The flock of 40 remained scattered yesterday. Some shunned the spartan Departing Member Center to work out of the Capitol Hill offices of colleagues. Some remained in their districts, racing to complete final tasks in their district offices.

    Rep. Jon D. Fox (R-Pa.), defeated for reelection, was flying back from Israel with Clinton. Rep. Rick A. White (R-Wash.), who lost his reelection bid to a Democrat who broadcast television ads criticizing the impeachment inquiry, was in Paris.

    Callers to the Las Vegas district office of Rep. John Ensign (R-Nev.), who lost an extraordinarily close contest to Sen. Harry M. Reid (D-Nev.), were told by a recorded voice that "because of the election, our office is now closed and staff is unavailable. If you would like to leave your opinion for the congressman regarding the impeachment hearings, please press two. He will not be able to reply back to you regarding your opinion but he is taking a tally." Ensign's whereabouts yesterday were not known.

    As the showdown on the House floor approached, there was little evidence to suggest that the votes of the 40 departing members would be any less partisan than those of other lawmakers. Democrats Fazio and Skaggs, for example, said they will oppose impeachment.

    "I am really appalled at the degree to which we can't communicate with each other," Fazio said. "The two parties seem to be frozen in place. The party bases dominate the dialogue and the great centrist majority on occasions like this doesn't get heard."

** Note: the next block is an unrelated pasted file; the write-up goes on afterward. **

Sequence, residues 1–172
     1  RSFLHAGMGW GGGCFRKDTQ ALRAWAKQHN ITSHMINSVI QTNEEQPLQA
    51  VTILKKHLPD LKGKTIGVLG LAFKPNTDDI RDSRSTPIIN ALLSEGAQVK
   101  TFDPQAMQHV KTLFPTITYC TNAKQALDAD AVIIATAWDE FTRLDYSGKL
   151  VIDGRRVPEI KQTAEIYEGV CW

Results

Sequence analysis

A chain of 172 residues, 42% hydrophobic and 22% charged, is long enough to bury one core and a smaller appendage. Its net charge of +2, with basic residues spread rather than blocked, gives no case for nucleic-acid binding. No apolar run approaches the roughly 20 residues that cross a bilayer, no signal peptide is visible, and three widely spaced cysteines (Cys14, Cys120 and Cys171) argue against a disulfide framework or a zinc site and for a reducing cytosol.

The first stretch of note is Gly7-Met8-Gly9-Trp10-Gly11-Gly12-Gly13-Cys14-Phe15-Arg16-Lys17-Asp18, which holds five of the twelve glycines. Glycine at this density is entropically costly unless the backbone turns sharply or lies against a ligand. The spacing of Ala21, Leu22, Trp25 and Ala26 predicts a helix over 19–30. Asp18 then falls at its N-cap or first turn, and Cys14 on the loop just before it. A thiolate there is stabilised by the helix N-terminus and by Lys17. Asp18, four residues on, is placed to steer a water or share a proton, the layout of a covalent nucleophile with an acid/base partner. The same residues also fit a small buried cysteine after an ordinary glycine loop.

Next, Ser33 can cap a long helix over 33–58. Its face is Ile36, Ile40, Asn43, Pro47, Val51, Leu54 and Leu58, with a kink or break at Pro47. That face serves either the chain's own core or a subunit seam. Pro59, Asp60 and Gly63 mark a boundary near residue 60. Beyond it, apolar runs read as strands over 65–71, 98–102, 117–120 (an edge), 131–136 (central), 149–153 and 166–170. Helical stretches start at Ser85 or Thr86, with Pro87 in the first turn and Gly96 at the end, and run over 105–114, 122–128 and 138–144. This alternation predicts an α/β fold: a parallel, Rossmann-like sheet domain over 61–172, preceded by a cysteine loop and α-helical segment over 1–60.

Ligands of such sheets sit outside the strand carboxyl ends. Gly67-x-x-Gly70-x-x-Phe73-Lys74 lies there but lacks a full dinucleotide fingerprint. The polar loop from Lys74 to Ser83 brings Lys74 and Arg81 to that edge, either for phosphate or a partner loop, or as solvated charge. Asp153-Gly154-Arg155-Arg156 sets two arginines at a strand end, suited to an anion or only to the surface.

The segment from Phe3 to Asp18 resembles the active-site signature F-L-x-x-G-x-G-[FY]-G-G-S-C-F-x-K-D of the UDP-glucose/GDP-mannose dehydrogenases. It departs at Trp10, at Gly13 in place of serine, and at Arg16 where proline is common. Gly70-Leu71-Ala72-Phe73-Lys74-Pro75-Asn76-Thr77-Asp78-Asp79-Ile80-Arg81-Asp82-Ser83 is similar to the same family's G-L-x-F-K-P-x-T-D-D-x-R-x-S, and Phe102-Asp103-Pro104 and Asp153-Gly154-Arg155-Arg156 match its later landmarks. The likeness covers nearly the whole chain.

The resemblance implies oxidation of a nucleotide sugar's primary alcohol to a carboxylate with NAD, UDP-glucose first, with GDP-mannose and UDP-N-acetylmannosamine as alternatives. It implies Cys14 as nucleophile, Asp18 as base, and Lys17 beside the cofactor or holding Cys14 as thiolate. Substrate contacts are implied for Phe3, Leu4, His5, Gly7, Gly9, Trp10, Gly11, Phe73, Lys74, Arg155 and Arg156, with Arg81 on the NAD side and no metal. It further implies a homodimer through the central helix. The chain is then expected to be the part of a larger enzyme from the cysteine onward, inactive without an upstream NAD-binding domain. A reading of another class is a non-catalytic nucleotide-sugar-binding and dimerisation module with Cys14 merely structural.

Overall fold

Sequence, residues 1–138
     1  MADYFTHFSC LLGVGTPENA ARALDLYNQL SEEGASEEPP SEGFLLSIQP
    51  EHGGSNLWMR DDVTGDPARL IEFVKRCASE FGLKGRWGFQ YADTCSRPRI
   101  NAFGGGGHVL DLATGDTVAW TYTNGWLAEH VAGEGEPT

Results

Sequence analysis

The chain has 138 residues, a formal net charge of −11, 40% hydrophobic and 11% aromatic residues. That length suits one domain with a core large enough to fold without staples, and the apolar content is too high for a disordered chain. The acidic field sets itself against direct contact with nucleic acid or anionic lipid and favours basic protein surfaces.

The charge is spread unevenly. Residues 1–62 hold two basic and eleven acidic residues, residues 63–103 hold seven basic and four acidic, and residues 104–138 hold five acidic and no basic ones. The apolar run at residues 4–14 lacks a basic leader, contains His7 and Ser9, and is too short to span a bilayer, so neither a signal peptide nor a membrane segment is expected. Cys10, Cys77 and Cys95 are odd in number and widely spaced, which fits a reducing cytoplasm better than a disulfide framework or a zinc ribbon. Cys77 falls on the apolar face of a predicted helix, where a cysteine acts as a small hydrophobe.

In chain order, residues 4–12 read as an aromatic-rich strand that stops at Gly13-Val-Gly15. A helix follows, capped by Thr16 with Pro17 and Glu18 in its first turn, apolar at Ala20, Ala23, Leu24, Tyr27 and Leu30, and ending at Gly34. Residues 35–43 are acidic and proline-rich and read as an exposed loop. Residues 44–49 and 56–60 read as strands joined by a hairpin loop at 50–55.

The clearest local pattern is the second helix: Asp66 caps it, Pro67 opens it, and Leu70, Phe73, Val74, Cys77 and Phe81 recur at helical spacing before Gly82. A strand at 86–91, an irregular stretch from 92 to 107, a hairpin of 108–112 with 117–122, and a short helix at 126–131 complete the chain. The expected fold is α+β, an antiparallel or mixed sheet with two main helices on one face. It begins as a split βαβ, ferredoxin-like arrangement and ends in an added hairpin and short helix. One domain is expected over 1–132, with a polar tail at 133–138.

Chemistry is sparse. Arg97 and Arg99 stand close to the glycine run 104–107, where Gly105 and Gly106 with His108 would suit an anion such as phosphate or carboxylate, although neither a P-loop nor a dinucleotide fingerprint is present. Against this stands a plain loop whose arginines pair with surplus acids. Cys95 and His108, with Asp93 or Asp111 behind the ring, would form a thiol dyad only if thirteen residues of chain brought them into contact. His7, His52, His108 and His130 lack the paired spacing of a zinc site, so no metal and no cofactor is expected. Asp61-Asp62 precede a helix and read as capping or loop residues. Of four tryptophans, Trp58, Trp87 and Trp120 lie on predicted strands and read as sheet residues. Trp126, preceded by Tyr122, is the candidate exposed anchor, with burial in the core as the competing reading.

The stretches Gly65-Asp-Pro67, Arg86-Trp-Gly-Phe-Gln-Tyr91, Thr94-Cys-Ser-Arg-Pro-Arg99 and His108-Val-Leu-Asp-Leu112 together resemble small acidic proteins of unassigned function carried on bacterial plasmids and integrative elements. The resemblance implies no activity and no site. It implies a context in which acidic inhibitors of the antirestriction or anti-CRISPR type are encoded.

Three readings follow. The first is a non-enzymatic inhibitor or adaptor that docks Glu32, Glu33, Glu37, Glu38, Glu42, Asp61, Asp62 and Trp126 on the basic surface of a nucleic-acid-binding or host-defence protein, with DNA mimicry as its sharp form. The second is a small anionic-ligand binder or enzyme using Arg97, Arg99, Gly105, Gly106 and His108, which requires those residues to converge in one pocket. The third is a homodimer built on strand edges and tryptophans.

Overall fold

"I think most members, and particularly the lame ducks, will be making the proverbial vote of conscience," Fazio added. "Certainly there is little or no political constraint except members do care about how they are seen by their colleagues."

    Rep. Mark W. Neumann (R-Wis.), who lost his bid for Senate, spoke with forceful certitude about his plans to vote for impeachment. He said he and other House Republicans who were first elected in 1994 came to Washington determined to balance the budget. "We got that done," Neumann said. "This may be a fitting way to say that America is about more than money and a strong economy. Values and principles and integrity count."

    But another Wisconsin lawmaker, Jay Johnson, the only House Democrat defeated for reelection, is not nearly so certain about his vote. He said he probably will remain undecided until he hears the floor debate. He has begun to reread John F. Kennedy's "Profiles in Courage," which includes a chapter on the Johnson impeachment. This will be "a crucially important vote," Johnson said, but it comes amid other pressing matters in his life.

    "It's kind of strange," he said. "Here I am with a very big vote and we want to close this thing down with a lot of dignity, but I also have to find work."

    © Copyright 1998 The Washington Post Company